Whistler wants ICBC to help collect your unpaid parking fines
Municipality urges province to help collect millions of dollars in unpaid parking tickets across B.C.
There's nothing fun about renewing a driver's licence.
And if the long lineups and awkward photos aren't enough, if one B.C. town has its way, the drivers licensing office will also be the venue where drivers with a glove box of outstanding parking tickets finally pay the piper.
The Resort Municipality of Whistler is urging the provincial government and ICBC to help municipalities collect unpaid parking tickets.
<a href="https://twitter.com/hashtag/Whistler?src=hash&ref_src=twsrc%5Etfw">#Whistler</a> wants <a href="https://twitter.com/icbc?ref_src=twsrc%5Etfw">@icbc</a> to help municipalities collect unpaid parking tickets. That would mean the next time you go to ICBC renew your drivers license or insurance, you'd also be on the hook for outstanding parking tickets. <a href="https://t.co/cRGAQjCcGm">pic.twitter.com/cRGAQjCcGm</a>—@jonvhernandez
"Municipalities lose a significant amount of non-tax revenue annually because of unpaid bylaw fines," writes Whistler Mayor Nancy Wilhelm-Morden in a letter directed to B.C Attorney General David Eby.
"Partnering with the Province and ICBC to recover unpaid bylaw fines would help generate some additional non-tax revenue for both ICBC and Municipalities to ensure rate fairness."
The letter is part of a resolution Whistler is hoping will gain traction with municipalities across the province.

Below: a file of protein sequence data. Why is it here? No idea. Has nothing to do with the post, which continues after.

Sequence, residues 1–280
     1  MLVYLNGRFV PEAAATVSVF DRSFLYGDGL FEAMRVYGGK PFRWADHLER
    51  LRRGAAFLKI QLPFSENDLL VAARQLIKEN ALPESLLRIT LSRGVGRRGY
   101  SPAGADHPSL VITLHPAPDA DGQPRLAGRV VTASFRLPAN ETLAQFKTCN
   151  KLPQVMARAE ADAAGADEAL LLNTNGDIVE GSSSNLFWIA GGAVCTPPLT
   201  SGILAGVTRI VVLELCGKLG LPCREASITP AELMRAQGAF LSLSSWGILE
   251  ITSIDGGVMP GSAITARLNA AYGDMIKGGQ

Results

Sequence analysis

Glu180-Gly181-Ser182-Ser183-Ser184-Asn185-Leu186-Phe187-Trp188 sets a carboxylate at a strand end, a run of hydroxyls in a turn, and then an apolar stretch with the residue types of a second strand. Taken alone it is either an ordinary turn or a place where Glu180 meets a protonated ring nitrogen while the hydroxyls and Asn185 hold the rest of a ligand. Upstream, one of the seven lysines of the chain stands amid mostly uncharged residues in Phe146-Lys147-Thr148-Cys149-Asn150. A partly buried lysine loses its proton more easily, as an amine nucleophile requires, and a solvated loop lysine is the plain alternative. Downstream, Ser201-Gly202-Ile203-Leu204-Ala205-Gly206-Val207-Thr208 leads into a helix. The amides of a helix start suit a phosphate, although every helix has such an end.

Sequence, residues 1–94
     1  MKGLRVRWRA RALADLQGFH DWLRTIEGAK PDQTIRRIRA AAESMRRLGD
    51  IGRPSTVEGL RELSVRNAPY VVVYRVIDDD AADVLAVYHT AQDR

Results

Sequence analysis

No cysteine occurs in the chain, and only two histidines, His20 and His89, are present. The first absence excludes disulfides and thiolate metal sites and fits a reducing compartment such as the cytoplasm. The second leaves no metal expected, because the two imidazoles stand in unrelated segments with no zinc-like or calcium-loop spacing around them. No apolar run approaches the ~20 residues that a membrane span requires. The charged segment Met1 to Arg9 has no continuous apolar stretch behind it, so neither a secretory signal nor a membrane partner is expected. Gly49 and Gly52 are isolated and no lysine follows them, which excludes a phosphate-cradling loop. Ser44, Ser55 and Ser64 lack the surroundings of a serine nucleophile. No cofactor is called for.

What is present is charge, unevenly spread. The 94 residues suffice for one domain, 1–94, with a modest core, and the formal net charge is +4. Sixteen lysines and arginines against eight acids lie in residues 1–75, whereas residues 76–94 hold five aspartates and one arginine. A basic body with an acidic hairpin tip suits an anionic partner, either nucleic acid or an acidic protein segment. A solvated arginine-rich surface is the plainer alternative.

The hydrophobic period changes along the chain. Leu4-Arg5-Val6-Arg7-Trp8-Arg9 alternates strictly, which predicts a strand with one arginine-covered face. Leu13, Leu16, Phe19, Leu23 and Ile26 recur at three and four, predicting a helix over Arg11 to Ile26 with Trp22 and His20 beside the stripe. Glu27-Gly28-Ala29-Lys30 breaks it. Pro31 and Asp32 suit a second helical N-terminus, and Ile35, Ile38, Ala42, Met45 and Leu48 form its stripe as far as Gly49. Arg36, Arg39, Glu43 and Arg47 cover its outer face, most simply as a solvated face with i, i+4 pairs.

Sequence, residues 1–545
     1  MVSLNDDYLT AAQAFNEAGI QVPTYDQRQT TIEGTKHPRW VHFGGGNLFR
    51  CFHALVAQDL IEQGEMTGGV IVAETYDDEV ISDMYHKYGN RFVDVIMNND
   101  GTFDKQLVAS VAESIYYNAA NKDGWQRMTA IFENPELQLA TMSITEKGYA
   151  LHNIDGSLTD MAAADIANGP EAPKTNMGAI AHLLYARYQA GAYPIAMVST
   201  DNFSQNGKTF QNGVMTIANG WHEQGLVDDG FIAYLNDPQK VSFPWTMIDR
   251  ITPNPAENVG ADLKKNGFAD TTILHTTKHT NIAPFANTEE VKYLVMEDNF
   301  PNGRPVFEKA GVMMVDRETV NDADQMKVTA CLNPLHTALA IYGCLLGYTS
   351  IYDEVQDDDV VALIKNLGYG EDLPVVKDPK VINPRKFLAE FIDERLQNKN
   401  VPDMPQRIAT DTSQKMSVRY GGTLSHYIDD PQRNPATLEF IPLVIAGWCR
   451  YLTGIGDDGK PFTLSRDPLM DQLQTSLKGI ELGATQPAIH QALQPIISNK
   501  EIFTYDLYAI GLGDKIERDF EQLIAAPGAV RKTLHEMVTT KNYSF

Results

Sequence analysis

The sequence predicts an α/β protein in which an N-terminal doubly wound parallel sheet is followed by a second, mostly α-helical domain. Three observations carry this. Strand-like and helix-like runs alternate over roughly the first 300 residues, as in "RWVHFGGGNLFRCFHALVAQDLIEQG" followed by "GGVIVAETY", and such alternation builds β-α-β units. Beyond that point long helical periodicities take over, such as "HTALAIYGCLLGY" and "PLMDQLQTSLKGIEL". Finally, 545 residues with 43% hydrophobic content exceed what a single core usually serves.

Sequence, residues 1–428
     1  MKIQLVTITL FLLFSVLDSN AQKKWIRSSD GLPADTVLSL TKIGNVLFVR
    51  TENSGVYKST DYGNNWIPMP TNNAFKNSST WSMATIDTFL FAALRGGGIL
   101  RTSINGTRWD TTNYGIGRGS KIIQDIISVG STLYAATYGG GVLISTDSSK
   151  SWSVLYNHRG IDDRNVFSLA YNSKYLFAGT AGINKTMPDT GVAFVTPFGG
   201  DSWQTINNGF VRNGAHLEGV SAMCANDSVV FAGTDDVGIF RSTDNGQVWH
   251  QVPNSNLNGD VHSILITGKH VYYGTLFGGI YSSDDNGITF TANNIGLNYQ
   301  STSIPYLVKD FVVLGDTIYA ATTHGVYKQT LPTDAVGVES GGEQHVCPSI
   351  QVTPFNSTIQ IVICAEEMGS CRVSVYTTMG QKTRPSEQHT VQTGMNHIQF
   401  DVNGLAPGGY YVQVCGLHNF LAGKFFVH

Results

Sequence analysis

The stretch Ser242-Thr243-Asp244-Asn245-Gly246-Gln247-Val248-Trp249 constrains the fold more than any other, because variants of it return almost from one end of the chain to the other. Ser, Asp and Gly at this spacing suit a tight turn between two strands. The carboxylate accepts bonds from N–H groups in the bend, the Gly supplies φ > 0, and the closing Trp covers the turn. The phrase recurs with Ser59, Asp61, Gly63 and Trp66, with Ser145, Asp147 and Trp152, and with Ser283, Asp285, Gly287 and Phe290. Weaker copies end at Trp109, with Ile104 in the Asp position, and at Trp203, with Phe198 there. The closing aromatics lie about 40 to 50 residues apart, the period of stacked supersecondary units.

How it would work
According to the resolution, unpaid parking tickets would be paid at ICBC when drivers go to renew their licence or their auto insurance.
It says all municipalities in B.C. would benefit by receiving millions of dollars in non-tax revenue.
The City of Vancouver, for example, is owed about $6 million in unpaid tickets, according to the document. Meanwhile, Kelowna is owed more than $1.8 million in outstanding tickets issued over the last five years.
The resolution, which has been sent to a number of municipalities across the province, says revenues could also be shared with ICBC to ensure the agreement is beneficial for both parties.
"This is a significant issue in British Columbia, and the Union of B.C. Municipalities has raised concerns in the past to the province regarding these unpaid fines," said Whistler policy planner Kevin Creery at a council meeting.
"Hopefully the timing is right with ICBC having some financial difficulties there," he added.
The resolution will also be presented at the 2018 Lower Mainland Local Government Association Annual General Meeting.
ICBC referred requests for comment to the provincial government.
According to the Ministry of Municipal Affairs and Housing, transferring the responsibility of collecting tickets to ICBC could be "a significant administrative burden" to the Crown Corporation.
In an e-mailed statement, a spokesperson from the ministry said the issue had been previously raised by the UBCM, but "ICBC indicated no plans to collect municipal fines."